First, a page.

Total shoulder replacement (TSR) describes a surgical procedure where a prosthesis or implant replaces the gleno-humeral joint (the shoulder joint). The conventional Total shoulder replacement is also called the Anatomic shoulder replacement to distinguish it from a Revers shoulder replacement.
Adelaide Orthopaedic Surgeon Dr Sunil Reddy specialises in Shoulder and Knee surgery and performs Total shoulder replacement and Reverse Total shoulder replacement for appropriate indications. He also offers “Patient-specific technology” in Shoulder arthroplasty – an MRI scan based 3D – prototyping technology that allows accurate placement of the glenoid (socket of the shoulder) component and may contribute to better outcomes.
The procedure is usually required where either disease or trauma have made movement of the shoulder joint painful. Typical conditions which may require this procedure include:
Arthritis (osteoarthritis, rheumatoid, prior trauma related)
Arthritis is where the cartilage in joints wears away and pain results from the bones coming into direct contact with each other. Osteoarthritis is generally age related and is also referred to as Degenerative Joint Disease. It is common in people over 50. Rheumatoid arthritis is inflammation of the joint lining which often causes damage to and loss of cartilage. Prior trauma or damage to the shoulder joint sometimes also damages cartilage – referred to as Post-traumatic arthritis.
Fractures of proximal humerus (Hemi-arthroplasty)
Where a fracture is severe, it may be very difficult to put the segments of bone back together. Blood supply to parts of the bone may also be compromised and Dr Reddy may recommend shoulder replacement in the form of a Hemi-arthroplasty or more commonly Reverse Total Shoulder Replacement.
Osteonecrosis (also known as avascular necrosis) is where blood supply to the bones is restricted or cut off, which can ultimately destroy the shoulder joint itself. Risk factors for this condition include any previous severe fracture (see above), overuse of steroids, deep sea diving and alcoholism.
Failure of previous shoulder replacement surgery
Sometimes previous shoulder surgery may fail, normally where the implant comes loose or moves out of position or may get infected. In this case a Revision shoulder arthroplasty may be indicated.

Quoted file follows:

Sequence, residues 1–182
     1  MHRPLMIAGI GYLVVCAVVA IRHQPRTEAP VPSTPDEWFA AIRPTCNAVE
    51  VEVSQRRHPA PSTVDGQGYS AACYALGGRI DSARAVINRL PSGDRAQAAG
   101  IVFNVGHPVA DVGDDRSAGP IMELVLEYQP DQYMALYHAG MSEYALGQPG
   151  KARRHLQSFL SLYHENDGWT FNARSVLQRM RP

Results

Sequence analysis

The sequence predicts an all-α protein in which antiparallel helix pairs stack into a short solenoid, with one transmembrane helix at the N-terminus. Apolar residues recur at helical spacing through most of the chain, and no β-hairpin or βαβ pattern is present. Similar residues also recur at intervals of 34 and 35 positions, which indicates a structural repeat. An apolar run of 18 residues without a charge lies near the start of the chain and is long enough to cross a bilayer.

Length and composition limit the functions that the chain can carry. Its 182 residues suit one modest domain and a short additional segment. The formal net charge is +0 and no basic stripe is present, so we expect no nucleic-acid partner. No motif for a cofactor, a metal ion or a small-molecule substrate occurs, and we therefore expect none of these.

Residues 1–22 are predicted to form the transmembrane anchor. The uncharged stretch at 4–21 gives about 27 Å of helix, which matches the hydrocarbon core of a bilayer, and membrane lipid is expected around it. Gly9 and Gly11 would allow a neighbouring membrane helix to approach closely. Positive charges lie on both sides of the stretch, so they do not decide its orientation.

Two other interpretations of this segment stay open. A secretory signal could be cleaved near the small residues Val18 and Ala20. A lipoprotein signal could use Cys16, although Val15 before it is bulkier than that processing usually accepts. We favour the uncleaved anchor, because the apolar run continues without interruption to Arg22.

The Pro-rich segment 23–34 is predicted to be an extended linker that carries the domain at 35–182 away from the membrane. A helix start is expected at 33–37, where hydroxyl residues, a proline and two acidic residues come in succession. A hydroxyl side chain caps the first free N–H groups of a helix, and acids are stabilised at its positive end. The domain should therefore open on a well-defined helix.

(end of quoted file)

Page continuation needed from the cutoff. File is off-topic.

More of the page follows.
Surgery involves replacement of the ball (head of the humerus) and also replacement of the socket (called the glenoid) that the ball fits into.
The procedure itself, which is conducted using conventional open surgery, normally takes around 90 minutes, requires a general anaesthetic and a hospital stay of 2-3 days.
During the surgery, the prosthetic components are attached to the bone/s and once this is complete, the wound is closed using absorbable sutures.
Specific Risks and Complications
Dr Reddy will explain the benefits, risks and complications of a Shoulder replacement in the Clinic to help you make an informed decision regarding your surgery.
Possible complications of this surgery include infection, injury to blood vessels or nerves, the prosthesis coming loose or dislocating and a 'frozen shoulder', where the shoulder is sore and stiff.
Post operative recovery and rehabilitation
Dr Reddy as well as the Physiotherapist will see you on day 1 following surgery and demonstrate exercises to be performed at home as well as advise on things to do and not to do.
It is important that you follow the advice and rehabilitation guidelines to give yourself the best chance of recovery and an optimal outcome.
- You would likely have a regional/nerve block for pain management apart from a general anaesthetic.
- You would usually stay in the hospital for 2-3 days, but may stay longer depending on the recovery.
- Please take regular pain medication as advised.
- Apply Ice packs 3-5 times for 10 min each time for the first two weeks.
- You will need to wear the sling full time for 4 weeks, but remove it thrice daily for 15-20 minutes each time to perform exercises.
- Please remove the sling for a shower, resting your arm by the side. The dressings are waterproof.
- After 4 weeks – You can come out of the sling to perform gentle activities of daily living.
- After 6 weeks – progress with exercises as advised by your therapist.
- Strengthening exercises usually start only after 3 months following surgery.
- Avoid lifting weights and push-pull movements for 3 months following surgery. The goal is to gradually achieve normal range of movement and strength of the shoulder over a 3-6 month period.
- Driving is permitted only once you come out of the sling and have achieved good control of the arm and a pain-free status. This is usually by the 6-8 week postoperative period.
- Please follow your therapist’s advice regarding exercises and follow the rehabilitation guidelines that you can view/download below.